[Review] Joker: a lesson in cinema


It is hoped that in turn, Joker arrives in theaters this Wednesday. Bringing dire expectations of DC Entertainment’s artistic turnaround but also roles that have become iconic after Jack Nicholson and Heath Ledger’s appearances in theaters, Joker wanted to show that supervillain films can be illustrated in a different way than a flood of special effects films. A look back at the year-end film phenomenon.

After a long period of inconsistency and trying in vain to keep up with the tone of Marvel films, DC inaugurated a decidedly more mature and promising genre with Joker. Hosted by one of the best of his generation in the person of Joaquin Phoenix, the iconic character from DC Comics has finally offered himself a special film in which he can express all his subtleties. You might as well tell you right away: the bet worked. Joker tells the story of a change, namely Arthur Fleck, a man who was lost and despised by society who will gradually turn into the person we know as Batman’s mortal enemy. In 1980s Gotham City New York style, we follow this character confined to a degrading odd job, a clown among clowns who nurture dreams of being a comedian, on the fringes of reality,

Arthur Fleck is just one man among others trying his best to survive in the midst of a harsh capitalist society where the violence of the rich class is perpetrated on the poor as well as on the “left behind”. “. to account.” Among them, people of a forgotten nation where each came first. Those who succeeded on one side, such as Thomas Wayne, the city’s leading figure in the mayoral race (and father of young Bruce), or Murray. , host of the show’s end played by Robert de Niro in full swing, and plebs on the other hand, plunge into the endless night of a rat-infested trash city.

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The Joker finds in this resonance not only with the 1980s in the United States, where the American dream finally came to an end after the second oil shock plunged The rise of populism around the world or the recent yellow vest movement in France is perfectly represented by the Joker, who in his narrative portrays the crisis of confidence embodied by radical anti-elite discourse among some. This is how, apart from himself, the Joker will become a symbol of this movement in which anarchy becomes the only viable model for anger that has lasted too long. An emphatic punk story in which “no future” is embodied in the person of Arthur Fleck, who has become a symbol of Gotham City’s anarchy in the throes of fire.

a fait beaucoup pour un « simple » film de super-héros. Avant tout car Arthur Fleck n’a pas de pouvoir, mais surtout car Joker va puiser davantage du côté du cinéma de Scorsese, l’esthétique noire, un brin crade et au réalisme assumé, loin du côté films aseptisé de cedes Marvel qu’on a pu voir par le passé chez DC. Qui sait où Todd Philips, le réalisateur, est parti chercher son inspiration, mais les doutes sur ses capacités produire un chef-d’oeuvre après avoir porté la trilogie Very Bad Trip se sont définitivement envolés.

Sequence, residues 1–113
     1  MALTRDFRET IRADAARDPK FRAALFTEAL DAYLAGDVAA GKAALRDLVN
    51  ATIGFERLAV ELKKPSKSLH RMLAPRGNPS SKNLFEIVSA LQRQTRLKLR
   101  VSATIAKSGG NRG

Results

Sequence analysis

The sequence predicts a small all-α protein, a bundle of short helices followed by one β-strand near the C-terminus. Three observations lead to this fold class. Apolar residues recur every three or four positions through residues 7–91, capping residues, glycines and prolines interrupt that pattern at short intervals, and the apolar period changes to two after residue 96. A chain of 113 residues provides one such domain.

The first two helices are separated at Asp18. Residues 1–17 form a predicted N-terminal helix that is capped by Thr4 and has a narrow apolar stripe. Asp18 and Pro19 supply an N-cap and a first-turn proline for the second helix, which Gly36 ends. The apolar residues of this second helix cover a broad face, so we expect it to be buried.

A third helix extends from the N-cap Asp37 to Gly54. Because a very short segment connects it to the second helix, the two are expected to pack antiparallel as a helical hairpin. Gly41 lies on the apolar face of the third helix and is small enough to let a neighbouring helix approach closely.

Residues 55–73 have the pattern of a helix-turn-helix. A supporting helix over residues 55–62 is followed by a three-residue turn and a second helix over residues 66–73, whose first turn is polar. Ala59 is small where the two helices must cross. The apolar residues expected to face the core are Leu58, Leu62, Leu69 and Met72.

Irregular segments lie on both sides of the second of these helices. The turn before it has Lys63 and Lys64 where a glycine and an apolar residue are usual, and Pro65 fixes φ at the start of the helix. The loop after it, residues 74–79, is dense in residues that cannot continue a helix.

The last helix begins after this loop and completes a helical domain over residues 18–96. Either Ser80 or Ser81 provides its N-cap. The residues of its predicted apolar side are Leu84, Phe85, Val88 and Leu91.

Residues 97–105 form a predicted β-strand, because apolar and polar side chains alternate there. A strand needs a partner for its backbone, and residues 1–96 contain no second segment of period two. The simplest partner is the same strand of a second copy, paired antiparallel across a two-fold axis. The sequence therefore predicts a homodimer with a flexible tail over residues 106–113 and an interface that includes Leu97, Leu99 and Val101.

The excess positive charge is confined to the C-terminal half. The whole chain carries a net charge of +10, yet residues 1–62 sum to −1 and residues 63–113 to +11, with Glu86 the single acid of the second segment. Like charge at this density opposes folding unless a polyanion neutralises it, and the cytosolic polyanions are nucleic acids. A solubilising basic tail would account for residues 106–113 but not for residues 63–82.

Here, there are no special effects, no endless action scenes, no blaring music without justification. We only find this feeling of loneliness with Joaquin Phoenix who perfectly embodies this character on the fringes of society, always out of the world, a step beyond standards. The actor’s play perfectly portrays this striking characteristic of Arthur Fleck, and provokes a strange feeling in the audience, between disgust and awe. Whether it’s at the level of his facial expressions, the way he dances, to the rigidity of his movements, we find this bilateral point of view, between empathy and disgust for Arthur Fleck’s character.

But if the Joker has several levels of reading that are interesting to each other, the big screen will feel bland without the main character. Joaquin Phoenix gives here one of his best, if not his best, performances. His ability to go from cold laughter to tears in a matter of seconds while letting us read the despair in his eyes fascinates audiences, mesmerized by so much mastery. There’s no doubt that the actor has just won his entrance ticket to the Oscars, offering a new version of Joker among the most convincing ever seen in theaters.

Never fall for easen mental illness or exaggeration, Joker portrays a fair and sharp critique of financial and media symbolic violence, and the ultra-violent response of the self-confident person, involving the entire society behind it. A film that wants to be realistic without ever taking the viewer to task, only leaving him to witness the birth of a deep evil lurking in the shadows and nurtured for a long time by an ailing society. With all due respect to the skeptics who believe that the Joker legitimizes violence, this film is more of a spectacle. This is how someone who just wants to “put a smile on their face” people ends up blowing up, being fooled by the madness of the world. That’s why Joker is such a good movie.